a. Pharmacovigilance: To prioritize patient safety, manufacturers should establish a strong pharmacovigilance system. This system enables them to diligently monitor and report any adverse events linked to their devices.


b. Variations: Any modifications in a device's design or intended use require careful assessment and approval from the Notified Body.


c. Renewal: Continuing to market devices within the European Union necessitates regular review and renewal of the CE marking. Manufacturers must proactively manage this process to avoid any interruptions in their device's availability.


d. Audits: Competent Authorities have the authority to conduct post-market audits to assess ongoing compliance. Manufacturers should be prepared for such audits to demonstrate the continued adherence to regulatory requirements and facilitate the maintenance of market access.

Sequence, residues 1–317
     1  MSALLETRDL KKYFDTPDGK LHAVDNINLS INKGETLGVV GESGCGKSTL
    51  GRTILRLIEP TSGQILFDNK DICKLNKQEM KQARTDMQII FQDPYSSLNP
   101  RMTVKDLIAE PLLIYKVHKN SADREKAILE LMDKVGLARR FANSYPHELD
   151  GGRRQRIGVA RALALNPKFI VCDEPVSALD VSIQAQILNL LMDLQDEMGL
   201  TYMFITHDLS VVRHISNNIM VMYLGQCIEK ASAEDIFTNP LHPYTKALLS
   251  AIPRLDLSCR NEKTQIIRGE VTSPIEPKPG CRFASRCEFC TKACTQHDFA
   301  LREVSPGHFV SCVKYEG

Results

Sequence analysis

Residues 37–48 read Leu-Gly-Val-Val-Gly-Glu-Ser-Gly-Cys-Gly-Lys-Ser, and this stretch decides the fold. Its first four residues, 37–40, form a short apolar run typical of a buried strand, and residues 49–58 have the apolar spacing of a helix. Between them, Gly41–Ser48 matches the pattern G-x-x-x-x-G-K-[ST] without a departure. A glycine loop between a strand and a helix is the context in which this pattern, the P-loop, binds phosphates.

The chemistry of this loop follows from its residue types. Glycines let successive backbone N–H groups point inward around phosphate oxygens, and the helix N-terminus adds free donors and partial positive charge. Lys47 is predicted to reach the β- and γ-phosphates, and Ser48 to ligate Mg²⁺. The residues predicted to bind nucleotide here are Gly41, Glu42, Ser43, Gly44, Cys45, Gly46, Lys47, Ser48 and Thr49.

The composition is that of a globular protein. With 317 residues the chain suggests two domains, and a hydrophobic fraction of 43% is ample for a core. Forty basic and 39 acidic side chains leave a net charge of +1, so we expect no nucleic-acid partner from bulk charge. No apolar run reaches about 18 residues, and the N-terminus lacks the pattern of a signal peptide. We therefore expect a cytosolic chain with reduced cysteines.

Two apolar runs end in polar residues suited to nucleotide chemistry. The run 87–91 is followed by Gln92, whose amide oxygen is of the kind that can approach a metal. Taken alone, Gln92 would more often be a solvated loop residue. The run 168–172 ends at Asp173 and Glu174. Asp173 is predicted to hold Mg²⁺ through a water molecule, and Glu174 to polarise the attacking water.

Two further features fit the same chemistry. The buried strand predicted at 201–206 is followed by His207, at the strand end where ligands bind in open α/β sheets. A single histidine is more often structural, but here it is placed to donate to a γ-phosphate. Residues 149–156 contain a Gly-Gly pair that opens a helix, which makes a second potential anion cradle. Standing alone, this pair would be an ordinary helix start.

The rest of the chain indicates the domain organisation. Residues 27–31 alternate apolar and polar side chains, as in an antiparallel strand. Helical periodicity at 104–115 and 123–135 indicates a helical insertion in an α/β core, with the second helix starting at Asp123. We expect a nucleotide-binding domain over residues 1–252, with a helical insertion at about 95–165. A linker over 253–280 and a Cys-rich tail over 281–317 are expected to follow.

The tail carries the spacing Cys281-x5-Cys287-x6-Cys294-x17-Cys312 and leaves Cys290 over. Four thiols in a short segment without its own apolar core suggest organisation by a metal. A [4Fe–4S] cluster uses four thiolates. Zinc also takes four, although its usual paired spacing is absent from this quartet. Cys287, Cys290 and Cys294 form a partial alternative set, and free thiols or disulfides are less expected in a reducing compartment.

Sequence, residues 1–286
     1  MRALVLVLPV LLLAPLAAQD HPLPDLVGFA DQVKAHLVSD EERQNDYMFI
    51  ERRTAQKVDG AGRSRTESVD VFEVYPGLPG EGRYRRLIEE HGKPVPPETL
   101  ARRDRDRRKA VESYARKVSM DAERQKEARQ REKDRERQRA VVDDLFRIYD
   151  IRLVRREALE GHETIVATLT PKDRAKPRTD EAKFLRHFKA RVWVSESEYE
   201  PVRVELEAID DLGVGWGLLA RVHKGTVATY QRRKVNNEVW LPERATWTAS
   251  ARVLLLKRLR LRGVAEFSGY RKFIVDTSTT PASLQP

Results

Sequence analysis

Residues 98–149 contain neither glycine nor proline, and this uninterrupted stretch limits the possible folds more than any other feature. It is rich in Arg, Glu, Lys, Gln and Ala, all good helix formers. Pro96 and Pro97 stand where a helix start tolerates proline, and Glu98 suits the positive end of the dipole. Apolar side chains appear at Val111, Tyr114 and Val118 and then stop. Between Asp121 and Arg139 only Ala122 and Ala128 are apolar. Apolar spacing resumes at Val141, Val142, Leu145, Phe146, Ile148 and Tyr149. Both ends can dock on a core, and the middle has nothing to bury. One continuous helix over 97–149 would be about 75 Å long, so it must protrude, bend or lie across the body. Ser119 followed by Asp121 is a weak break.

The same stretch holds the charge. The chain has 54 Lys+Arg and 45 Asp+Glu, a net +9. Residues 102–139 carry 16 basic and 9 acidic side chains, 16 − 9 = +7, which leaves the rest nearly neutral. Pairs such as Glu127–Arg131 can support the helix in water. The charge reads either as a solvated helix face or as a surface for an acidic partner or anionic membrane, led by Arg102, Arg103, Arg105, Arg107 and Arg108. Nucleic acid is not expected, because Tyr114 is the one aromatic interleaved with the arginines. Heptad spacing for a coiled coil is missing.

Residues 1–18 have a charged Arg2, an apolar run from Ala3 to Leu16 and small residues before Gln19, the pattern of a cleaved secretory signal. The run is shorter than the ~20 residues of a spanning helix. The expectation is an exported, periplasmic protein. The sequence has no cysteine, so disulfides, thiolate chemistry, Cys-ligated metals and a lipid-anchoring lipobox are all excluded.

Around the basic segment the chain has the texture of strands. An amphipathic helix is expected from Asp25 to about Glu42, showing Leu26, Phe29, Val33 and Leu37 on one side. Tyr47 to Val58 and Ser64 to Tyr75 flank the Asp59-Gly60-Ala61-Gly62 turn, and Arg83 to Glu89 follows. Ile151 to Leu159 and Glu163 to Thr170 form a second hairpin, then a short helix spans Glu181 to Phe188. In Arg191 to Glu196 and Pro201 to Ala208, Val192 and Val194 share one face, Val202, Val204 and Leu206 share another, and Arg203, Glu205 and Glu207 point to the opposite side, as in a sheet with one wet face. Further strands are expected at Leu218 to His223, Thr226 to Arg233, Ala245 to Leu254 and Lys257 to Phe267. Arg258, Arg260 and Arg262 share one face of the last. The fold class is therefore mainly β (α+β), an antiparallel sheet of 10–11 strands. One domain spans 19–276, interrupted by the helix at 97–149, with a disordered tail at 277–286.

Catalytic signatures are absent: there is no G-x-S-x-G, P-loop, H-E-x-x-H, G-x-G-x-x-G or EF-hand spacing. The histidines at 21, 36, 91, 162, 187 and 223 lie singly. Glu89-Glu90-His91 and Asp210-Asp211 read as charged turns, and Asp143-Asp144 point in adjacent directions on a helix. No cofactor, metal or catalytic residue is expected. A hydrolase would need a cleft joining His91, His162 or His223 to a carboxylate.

Conclusion:

In the European Union, the regulatory environment for medical devices is constantly evolving. Manufacturers need to stay updated and adhere to the Medical Device Regulation (MDR) and other applicable regulations to guarantee the safety and efficacy of their devices for patients in the EU market.


References:


European Commission - Medical devices: https://ec.europa.eu/growth/sectors/medical-devices_en

Medical Device Regulation (MDR) - Regulation (EU) 2017/745: https://eur-lex.europa.eu/eli/reg/2017/745/oj

In Vitro Diagnostic Regulation (IVDR) - Regulation (EU) 2017/746: https://eur-lex.europa.eu/eli/reg/2017/746/oj

European Database on Medical Devices (EUDAMED): https://ec.europa.eu/health/md_eudamed_en

European Medicines Agency - Medical Devices: https://www.ema.europa.eu/en/human-regulatory/overview/medical-devices